• A non-Euclidean "height" term was added to the network coordinates in order to to help model real-world situations. In particular, height helps model access links that nodes have to the rest of the network, such as the fixed latency overhead of a virtual machine through a hypervisor to a network card.

  • Another non-Euclidean "adjustment" term was added to help the system perform better with hosts that are near each other in terms of network round trip time.

  • The last known coordinate is saved and serves as the starting point when a Serf agent restarts. This helps reduce churn in the coordinate system versus always starting nodes at the origin.

  • A "gravity" effect was added to gently pull the cluster's coordinates back into a system that's roughly centered around the origin. Without this, over long periods of time, the nodes might all drift which is undesirable for accuracy. For example, the components of the vectors could take on large values, and the default position of new nodes at the origin would be far outside the rest of the space.

  • A latency filter was added to smooth the round trip time observations as they feed into the Vivaldi algorithm. This prevents occasional, real-world "pops" in these measurements from introducing noise and instability into the system, at the expense of a slightly longer response time to actual changes in round trip times.

With all these in place, a network coordinate consists of an eight-dimensional Euclidean vector, plus single values for adjustment, error, and height. Eight dimensions were chosen based on a survey of the literature as well as some experimental testing.

The following section shows how to perform calculations with these coordinates.

» Working with Coordinates

Computing the estimated network round trip time between any two nodes is simple once you have their coordinates. Here's a sample coordinate, as returned from the get-coordinate RPC call:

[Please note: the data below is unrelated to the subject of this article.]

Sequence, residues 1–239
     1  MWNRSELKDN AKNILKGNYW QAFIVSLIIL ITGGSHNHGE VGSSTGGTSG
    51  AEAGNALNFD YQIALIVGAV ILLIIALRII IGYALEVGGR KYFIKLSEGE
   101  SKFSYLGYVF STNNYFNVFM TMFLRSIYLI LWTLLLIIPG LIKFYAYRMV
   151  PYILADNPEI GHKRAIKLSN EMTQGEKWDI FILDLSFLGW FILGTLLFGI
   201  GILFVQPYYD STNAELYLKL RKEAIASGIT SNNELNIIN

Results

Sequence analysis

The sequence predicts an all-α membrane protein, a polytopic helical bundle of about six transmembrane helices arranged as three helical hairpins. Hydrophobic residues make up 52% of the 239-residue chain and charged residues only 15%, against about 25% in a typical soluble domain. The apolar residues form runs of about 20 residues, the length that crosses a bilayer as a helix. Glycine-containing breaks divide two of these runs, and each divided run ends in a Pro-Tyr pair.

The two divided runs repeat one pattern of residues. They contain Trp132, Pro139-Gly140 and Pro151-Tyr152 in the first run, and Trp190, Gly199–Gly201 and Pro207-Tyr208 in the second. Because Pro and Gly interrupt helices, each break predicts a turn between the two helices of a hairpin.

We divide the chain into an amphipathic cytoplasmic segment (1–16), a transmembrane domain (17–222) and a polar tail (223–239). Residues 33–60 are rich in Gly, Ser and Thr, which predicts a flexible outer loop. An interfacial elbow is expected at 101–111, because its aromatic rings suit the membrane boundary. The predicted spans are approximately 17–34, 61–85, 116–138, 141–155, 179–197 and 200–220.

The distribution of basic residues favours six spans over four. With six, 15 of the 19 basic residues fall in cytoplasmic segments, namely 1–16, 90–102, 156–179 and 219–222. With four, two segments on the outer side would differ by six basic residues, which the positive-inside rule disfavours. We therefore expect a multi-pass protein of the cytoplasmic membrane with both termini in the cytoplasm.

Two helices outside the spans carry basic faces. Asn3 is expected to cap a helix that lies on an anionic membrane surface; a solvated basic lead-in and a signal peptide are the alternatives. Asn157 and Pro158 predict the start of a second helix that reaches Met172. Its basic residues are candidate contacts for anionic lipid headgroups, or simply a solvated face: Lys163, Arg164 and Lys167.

"Coord": {
        "Adjustment": 0.1,
        "Error": 1.5,
        "Height": 0.02,
        "Vec": [0.34,0.68,0.003,0.01,0.05,0.1,0.34,0.06]
    }

All values are floating point numbers in units of seconds, except for the error term which isn't used for distance calculations.

Here's a complete example in Go showing how to compute the distance between two coordinates:

import (
    "github.com/hashicorp/serf/coordinate"
    "math"
    "time"
)

func dist(a *coordinate.Coordinate, b *coordinate.Coordinate) time.Duration {
    // Coordinates will always have the same dimensionality, so this is
    // just a sanity check.
    if len(a.Vec) != len(b.Vec) {
        panic("dimensions aren't compatible")
    }

    // Calculate the Euclidean distance plus the heights.
    sumsq := 0.0
    for i := 0; i < len(a.Vec); i++ {
        diff := a.Vec[i] - b.Vec[i]
        sumsq += diff * diff
    }
    rtt := math.Sqrt(sumsq) + a.Height + b.Height

    // Apply the adjustment components, guarding against negatives.
    adjusted := rtt + a.Adjustment + b.Adjustment
    if adjusted > 0.0 {
        rtt = adjusted
    }

    // Go's times are natively nanoseconds, so we convert from seconds.
    const secondsToNanoseconds = 1.0e9
    return time.Duration(rtt * secondsToNanoseconds)
}